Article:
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March 14, 2017


One of the few certainties across the business landscape is failure – the story of Steve Jobs going from ousted employee to successful CEO has been repeated enough to become cliché. Given the frequency of failure, especially among start-ups (where approximately 50% fail before age 5, according to U.S. Census Data), it is vital to use failure as a springboard for success. Just as is the case for almost every business scenario, approaching failure with a methodical process to maximize the learning experience is important to create a springboard for future success.


A recent article in the Wall Street Journal, “How Not to Flunk at Failure," explored this very concept and found a distinct set of four practical steps to leverage failure as a resource rather than an unfortunate byproduct of risk-taking. These four, which will be discussed later in detail, include: admitting you’ve had failures, asking the right questions after failing, thinking in terms of experimentation and ending failure on a high note.


In Hilltop Consultants and other student groups, a certain degree of “failure” is inevitable – even the most capable and dedicated groups run into failure at one point. From my experience in Hilltop Consultants, the organization has done a great job in weaving these four practical steps into the culture of the organization, albeit likely unintentionally. By openly acknowledging the usefulness of failure, student organizations, start-ups and nonprofits can all benefit from the unique resource.


Admitting past failures is a great way to set the tone for a group’s culture. Too often, leaders try to implement a “win-at-all-costs” mentality, where failure is considered to be “not an option.” While this style may appear to have its benefits in its promotion of competitiveness, work ethic and resourcefulness, it discourages risk-taking and creativity, a net harm. Trial and error has been shown to deliver the strongest and most innovative results – promoting this mentality is only possible if employees and group members do not fear the consequences of failing. One tactic suggested by the Wall Street Journal, a tactic I unintentionally have used in the past, is to use humor to acknowledge that failure is inevitable. For example, I often make jokes about my first client presentation with Hilltop Consultants before my group’s first presentation of the year in order to calm the nerves of new consultants and show them that there’s nothing to be afraid of.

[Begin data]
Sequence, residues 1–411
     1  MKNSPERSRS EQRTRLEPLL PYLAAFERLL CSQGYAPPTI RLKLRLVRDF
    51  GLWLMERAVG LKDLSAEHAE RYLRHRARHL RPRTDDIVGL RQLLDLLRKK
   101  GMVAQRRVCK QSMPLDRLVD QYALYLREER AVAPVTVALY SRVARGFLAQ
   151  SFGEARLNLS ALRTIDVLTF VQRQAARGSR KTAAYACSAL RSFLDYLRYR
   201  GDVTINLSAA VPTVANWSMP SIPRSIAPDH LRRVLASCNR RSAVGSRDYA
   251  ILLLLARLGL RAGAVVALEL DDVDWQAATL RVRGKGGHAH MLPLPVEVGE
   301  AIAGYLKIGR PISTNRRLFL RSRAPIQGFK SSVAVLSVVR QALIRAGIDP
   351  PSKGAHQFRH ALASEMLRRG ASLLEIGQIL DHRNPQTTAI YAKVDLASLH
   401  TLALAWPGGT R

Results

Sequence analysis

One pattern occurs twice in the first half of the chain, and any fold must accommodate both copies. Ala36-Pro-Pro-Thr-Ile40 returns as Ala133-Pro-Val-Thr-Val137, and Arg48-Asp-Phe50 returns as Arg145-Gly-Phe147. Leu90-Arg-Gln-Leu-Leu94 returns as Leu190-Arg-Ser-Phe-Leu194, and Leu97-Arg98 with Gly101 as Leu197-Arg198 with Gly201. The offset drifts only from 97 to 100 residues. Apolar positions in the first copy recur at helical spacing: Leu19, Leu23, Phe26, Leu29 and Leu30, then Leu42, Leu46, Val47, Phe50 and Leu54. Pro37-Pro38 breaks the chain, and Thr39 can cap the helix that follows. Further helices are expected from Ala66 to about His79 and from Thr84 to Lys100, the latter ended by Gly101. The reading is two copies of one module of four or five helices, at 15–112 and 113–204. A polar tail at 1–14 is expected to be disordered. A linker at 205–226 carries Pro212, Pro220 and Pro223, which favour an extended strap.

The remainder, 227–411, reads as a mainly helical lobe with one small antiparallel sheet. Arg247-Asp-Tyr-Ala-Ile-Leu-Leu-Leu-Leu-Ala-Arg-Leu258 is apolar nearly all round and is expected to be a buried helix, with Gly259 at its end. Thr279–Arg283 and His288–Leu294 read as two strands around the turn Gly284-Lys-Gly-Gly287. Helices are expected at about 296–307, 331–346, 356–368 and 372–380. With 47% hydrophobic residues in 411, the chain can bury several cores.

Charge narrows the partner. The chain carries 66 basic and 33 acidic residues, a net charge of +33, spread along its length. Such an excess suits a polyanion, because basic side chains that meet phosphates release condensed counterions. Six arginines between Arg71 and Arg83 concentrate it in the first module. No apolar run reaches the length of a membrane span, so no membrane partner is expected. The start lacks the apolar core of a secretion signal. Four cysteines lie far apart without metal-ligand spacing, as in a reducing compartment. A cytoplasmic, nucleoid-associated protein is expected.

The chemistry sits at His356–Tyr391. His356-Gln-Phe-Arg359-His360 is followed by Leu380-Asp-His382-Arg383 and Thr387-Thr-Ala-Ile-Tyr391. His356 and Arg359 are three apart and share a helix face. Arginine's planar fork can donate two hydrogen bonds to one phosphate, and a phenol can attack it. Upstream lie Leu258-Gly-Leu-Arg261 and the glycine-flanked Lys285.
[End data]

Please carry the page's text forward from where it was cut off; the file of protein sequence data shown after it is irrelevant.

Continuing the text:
The second step to take advantage of failure is to re-focus the discussion immediately after failing. Rather than ask “who” and assign blame, the best leaders ask questions that can lead to change: what, where, how and why. This is an area where institutionalization of a “culture of failure” can be useful, including in organizations like Hilltop Consultants. Even if failures do not end in witch hunts, the value is lost if the takeaways are recorded only in the memory of the participants. A potentially valuable activity is conducting a post-mortem – when a project or component of a project fails, bring the team together to discuss the what, where, why and how questions. By recording the lessons in openly available writing, all team members have a lasting record to look back upon to avoid similar failures in the future.


As a Finance and Operations major with a biology minor, the third step in leveraging failure is personally interesting. The authors suggest discussing failure in the context of a laboratory experiment. Discussing failures in terms of hypotheses, assumptions, experimental results and conclusions can help to de-stigmatize the process of failing and instead emphasize the idea that every failure is another data point to guide future projects. By understanding that negative results are potentially more useful than good results for future projects, team members are encouraged to think critically about failures.


The final step to utilize failure as a strategic resource is to embrace behavioral psychology and end failures on a positive note. Studies have shown that expectations are strongly based on memory of emotions at the end of experiences – by forming and association between failure and happy emotions, more innovation and risk-taking can be encouraged. The article mentions an extremely powerful anecdote – Severin Schwan, CEO of Roche Holdings, hosts champagne lunches for lab teams that fail to reach positive results. He partially attributes his innovative culture to this very practice.


PwC found that the top three reasons for business failure in 2014 were poor estimates during planning, mid-project changes in scope and insufficient resources. These are seemingly unavoidable problems I’ve run into during my experience in Hilltop Consultants and other student groups. Given the frequency of these mistakes, it makes sense to institutionalize a structure to learn from them – if you pay the cost of failure, you should definitely reap all the rewards at the same time.

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